surveillance camera on great wall of china
(Image: Adobe)

An explosive report by the Australian Strategic Policy Institute has revealed China is building the world’s largest police-run DNA database by harvesting blood samples of millions of men and young boys. 

It marks a significant escalation in China’s concerted effort to monitor and track its citizens’ every move.

According to the report, which has also been picked up by The New York Times, Chinese authorities are enrolling tens of millions of people in the surveillance program, including preschool-age children and young men who have no history of serious criminal activity. 

Those individuals “have no control over how their samples are collected, stored and used. Nor do they have a clear understanding of the potential implications of DNA collection for them and their extended families”, the report’s authors Emile Dirks and Dr James Leibold said. 

Escalation 

China has been collecting DNA samples from ethnic minorities for the better part of a decade.  

In 2017, Human Rights Watch reported Chinese authorities in Xinjiang were collecting fingerprints, iris scans, and blood types of all residents in the region between the age of 12 and 65. Tibetans have also been a target of this kind of surveillance.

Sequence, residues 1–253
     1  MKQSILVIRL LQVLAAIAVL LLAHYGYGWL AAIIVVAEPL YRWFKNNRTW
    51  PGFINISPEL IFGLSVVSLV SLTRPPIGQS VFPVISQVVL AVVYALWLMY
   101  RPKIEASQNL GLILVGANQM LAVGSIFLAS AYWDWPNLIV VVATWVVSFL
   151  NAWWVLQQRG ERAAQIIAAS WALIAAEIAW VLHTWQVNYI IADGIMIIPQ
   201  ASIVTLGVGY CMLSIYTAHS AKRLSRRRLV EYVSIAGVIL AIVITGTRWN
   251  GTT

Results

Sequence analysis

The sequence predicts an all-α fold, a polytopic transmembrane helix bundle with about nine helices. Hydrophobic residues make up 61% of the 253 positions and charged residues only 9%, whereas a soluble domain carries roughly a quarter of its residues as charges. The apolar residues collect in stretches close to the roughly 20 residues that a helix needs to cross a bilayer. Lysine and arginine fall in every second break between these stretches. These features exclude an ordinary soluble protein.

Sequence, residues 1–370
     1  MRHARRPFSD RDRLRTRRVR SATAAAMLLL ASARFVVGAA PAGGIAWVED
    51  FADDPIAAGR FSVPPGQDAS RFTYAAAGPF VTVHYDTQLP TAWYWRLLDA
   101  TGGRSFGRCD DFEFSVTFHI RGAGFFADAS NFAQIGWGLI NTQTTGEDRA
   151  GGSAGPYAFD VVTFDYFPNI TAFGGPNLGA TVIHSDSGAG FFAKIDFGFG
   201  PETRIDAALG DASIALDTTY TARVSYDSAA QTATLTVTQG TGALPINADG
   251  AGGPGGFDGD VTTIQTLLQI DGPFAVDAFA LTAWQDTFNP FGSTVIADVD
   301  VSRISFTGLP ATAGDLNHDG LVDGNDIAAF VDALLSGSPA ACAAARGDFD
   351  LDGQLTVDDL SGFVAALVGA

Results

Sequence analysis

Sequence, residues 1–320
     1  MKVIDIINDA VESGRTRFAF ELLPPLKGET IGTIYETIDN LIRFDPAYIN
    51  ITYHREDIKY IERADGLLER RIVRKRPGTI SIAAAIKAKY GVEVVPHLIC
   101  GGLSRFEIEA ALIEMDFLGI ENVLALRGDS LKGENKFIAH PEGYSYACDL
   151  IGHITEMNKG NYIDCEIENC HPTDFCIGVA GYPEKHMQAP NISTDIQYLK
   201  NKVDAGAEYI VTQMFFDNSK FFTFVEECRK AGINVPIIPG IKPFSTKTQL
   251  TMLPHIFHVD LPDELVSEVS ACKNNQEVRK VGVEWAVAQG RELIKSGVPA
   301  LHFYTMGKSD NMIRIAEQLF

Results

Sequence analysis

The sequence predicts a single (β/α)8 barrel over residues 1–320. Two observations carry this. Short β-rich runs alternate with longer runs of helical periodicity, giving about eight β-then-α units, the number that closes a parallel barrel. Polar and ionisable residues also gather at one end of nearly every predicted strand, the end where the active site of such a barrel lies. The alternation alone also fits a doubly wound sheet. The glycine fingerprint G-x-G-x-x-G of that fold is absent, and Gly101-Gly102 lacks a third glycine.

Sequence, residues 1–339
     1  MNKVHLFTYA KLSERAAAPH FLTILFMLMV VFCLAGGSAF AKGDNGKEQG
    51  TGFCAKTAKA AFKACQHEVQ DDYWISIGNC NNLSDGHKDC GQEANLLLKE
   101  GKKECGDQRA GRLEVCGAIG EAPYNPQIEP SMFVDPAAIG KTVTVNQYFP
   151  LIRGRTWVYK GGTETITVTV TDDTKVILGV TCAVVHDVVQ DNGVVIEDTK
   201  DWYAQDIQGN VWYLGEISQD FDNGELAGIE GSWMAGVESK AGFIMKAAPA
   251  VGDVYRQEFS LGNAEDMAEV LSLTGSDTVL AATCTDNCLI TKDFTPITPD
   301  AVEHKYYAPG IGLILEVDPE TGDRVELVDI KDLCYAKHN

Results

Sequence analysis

The latest report signals the government is intent on creating a genomic and surveillance map not just of target communities but the entire population. It comes after a 2018 Foreign Correspondent report that revealed the extent of the government’s digital surveillance program, which included a social credit scorecard that evaluates citizens on their behaviour. The program is enforced by surveillance cameras equipped with facial recognition, body scanning technology and geo-tracking devices, all now ubiquitous in China.

Corporate assistance 

The Chinese police are not doing the dirty work on their own. They have enlisted the help of  multinational biotech firms for help with DNA collection supplies and testing equipment. US biotech firm Thermo Fisher is one such company, which has sold tailor-made DNA testing equipment to Chinese authorities, in an apparent breach of US rules.

The report says global surveillance companies must conduct audits to ensure their technology is not being used by the Chinese government in ways that violate the human and civil rights of Chinese citizens. 

Foreign intervention 

As shocking as the details are, the report sees a role in foreign governments in slowing down China’s rapidly growing surveillance state. It calls on foreign governments to limit exports of biotechnology products to China.

“Foreign governments must strengthen export controls on biotechnology and related intellectual property and research data that’s sold to or shared with the Chinese government and its domestic public and private partners,” it says.

But with Australia’s relationship with China at an all-time low, this may not be a fight it’s willing to take on.

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Peter Fray
Peter Fray
Editor-in-chief of Crikey
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